Check out these recent articles citing Biomedical Genomics Workbench, a comprehensive, highly accurate NGS data analysis platform, providing researchers with a user-friendly, customizable human hereditary disease and cancer analysis solution for biomarker discovery and validation. Below are a few examples of how researchers from Pennsylvania to Japan are using Biomedical Genomics Workbench to accelerate their research.
Relaxin Reverses Inflammatory and Immune Signals in Aged Hearts
First author: Brian Martin
A team based out of the University of Pennsylvania studied the cardiovascular benefits of relaxin—a pregnancy hormone—on both young and old rats to determine its effects on the heart’s aging process. They extracted RNA and analyzed genomic changes, importing raw transcript data into Biomedical Genomics Workbench and mapping reads to the rat reference genome. The study, which ran in PLOS ONE, concluded that relaxin both alters gene transcription and suppresses inflammatory pathways and genes associated with heart failure and aging. This has therapeutic potential for cardiovascular and inflammation-related diseases, such as heart failure, diabetes and atrial fibrillation.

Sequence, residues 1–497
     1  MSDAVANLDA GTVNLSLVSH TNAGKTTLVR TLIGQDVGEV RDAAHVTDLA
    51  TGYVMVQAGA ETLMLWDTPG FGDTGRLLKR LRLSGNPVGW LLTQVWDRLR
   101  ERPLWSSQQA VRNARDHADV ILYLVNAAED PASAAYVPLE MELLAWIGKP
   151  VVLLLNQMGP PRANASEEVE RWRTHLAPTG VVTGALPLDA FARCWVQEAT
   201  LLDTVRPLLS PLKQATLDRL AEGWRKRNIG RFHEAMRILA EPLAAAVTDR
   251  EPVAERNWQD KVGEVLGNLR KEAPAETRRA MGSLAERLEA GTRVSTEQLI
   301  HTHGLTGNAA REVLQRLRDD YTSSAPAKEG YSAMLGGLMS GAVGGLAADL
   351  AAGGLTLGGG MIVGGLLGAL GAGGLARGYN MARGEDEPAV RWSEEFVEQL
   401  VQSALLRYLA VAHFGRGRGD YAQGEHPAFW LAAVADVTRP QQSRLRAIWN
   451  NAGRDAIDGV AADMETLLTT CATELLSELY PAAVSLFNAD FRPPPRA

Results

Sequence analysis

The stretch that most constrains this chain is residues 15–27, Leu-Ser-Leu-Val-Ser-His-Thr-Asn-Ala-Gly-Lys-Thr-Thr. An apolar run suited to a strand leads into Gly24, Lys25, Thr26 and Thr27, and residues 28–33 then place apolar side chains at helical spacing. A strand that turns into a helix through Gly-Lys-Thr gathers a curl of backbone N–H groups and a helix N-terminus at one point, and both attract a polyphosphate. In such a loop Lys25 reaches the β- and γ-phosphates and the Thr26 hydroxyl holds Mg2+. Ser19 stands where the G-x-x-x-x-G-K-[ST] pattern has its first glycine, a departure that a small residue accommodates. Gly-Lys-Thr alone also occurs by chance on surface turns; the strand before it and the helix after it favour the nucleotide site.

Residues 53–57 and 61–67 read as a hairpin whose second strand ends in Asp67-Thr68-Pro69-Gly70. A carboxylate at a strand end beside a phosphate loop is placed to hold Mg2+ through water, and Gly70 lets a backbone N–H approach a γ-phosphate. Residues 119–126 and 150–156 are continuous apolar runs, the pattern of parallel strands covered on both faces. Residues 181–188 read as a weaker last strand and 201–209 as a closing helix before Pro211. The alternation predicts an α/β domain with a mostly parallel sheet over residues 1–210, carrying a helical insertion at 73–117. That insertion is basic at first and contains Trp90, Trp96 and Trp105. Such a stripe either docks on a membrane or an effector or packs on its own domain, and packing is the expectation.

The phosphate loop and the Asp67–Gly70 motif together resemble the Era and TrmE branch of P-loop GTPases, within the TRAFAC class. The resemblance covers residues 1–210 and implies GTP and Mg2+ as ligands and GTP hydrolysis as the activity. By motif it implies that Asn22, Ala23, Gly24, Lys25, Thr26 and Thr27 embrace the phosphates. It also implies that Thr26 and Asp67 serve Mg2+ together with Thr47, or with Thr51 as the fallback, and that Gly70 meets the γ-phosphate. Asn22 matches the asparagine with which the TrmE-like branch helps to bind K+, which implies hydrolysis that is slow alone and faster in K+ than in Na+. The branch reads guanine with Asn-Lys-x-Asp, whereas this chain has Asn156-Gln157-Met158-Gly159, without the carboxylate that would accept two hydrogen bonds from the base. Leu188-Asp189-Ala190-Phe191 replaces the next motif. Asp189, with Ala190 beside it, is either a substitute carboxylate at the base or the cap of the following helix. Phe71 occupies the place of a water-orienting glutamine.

Comparison of Genetic Profiling of Primary Central Nervous System (CNS) Lymphoma Before and After Extra-CNS Relapse
First author: Kosuke Toyoda
In 2017, a team of Japanese scientists studied the mechanism of chemotherapy resistance in lymphomas of the CNS (central nervous system), which were previously identified as promising targets for immune checkpoint blockade therapy. They performed comprehensive genomic analysis in the hope of better understanding tumor oncogenic evolution and overcoming the immune privilege. The team compared the impact of extra-CNS relapse, using Biomedical Genomics Workbench to call variants. Their report, which ran in Blood Journal, suggested that the evolution of mutations enabled systemic disease progression with a breakthrough of immune privilege, characterized by immunological overpowering and the dysregulation of B-cell proliferation signaling.
Assessing the GeneRead SNP for Analysis of Low-Template and PCR-Inhibitory Samples
First author: Maja Sidstedt
When forensic DNA laboratories use massive parallel sequencing for human identification purposes, chances are good that the DNA samples are heterogeneous and of varying quality. SNP assays must therefore be able to handle impurities and low amounts of DNA. Using Biomedical Genomics Workbench to analyze sequencing data, a Swedish team evaluated the GeneRead Individual Identity SNP panel, which handled multiple extraction methods and withstood inhibitor solutions and was concluded to be satisfactory for casework-like samples. Read about the study, which ran in PLOS ONE in January this year, here.
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